One of the best crime films of all time with Paul Muni as a badass gangster out to control Chicago (a hardly veiled reference to Al-Capone who was very much alive and powerful at the time). Paul Muni who was a great actor brings this film to life, the movie is bit kitsch at times but is so influential to future filmmaking. The remake in the1980s has nothing on the original.
As tragic as it is beautiful Scarface shines above most of all gangster films I have seen. There was never a moment that I became bored. I was constantly infatuated with the life the characters lived and by god it's a violent one. It doesn't hold back. Every death is hard to watch, even when opposing characters die you feel for them. In an constantly growing industry that glorifies violence it is quite refreshing to see it looked upon in this light and that's coming from someone that is quite a fan of violent movies cough cough Kill Bill cough cough Battle Royale, but I digress. There are real consequences to the each characters actions. Not a little pat on…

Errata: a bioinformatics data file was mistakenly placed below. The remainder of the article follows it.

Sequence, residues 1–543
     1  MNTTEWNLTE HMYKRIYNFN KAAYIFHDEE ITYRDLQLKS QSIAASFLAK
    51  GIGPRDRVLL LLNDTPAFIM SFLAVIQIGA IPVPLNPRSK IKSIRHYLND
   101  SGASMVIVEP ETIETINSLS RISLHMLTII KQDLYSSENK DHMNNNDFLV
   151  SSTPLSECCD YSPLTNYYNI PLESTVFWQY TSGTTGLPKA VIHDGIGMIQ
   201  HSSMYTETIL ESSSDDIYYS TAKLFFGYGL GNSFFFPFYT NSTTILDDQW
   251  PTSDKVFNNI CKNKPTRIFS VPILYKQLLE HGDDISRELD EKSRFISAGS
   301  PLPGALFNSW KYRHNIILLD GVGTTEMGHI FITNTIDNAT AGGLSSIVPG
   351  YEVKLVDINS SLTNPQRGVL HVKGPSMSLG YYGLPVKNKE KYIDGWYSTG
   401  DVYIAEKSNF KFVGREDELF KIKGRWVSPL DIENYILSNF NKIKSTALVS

The irony of Scarface is not lost on me. The film (literally) begins with the message of "this picture is an indictment of gang rule", but this didn't stop it from spawning multitudes of more violent and aggressive gangster films and shaping the genre. The film itself isn't perfect by any means. There are some questionable editing choices, terrible displays of acting, and lackluster shots. But for 1932, I'm cutting it some slack. The story itself is quite enamoring, and Paul Muni really brings the character of Tony to life. Even in modern day, one can get a sense for how controversial and surprising it must have been to watch Scarface some 83 years ago. Maybe it's just that old-world charm affecting me, but I truly enjoyed this from beginning to end.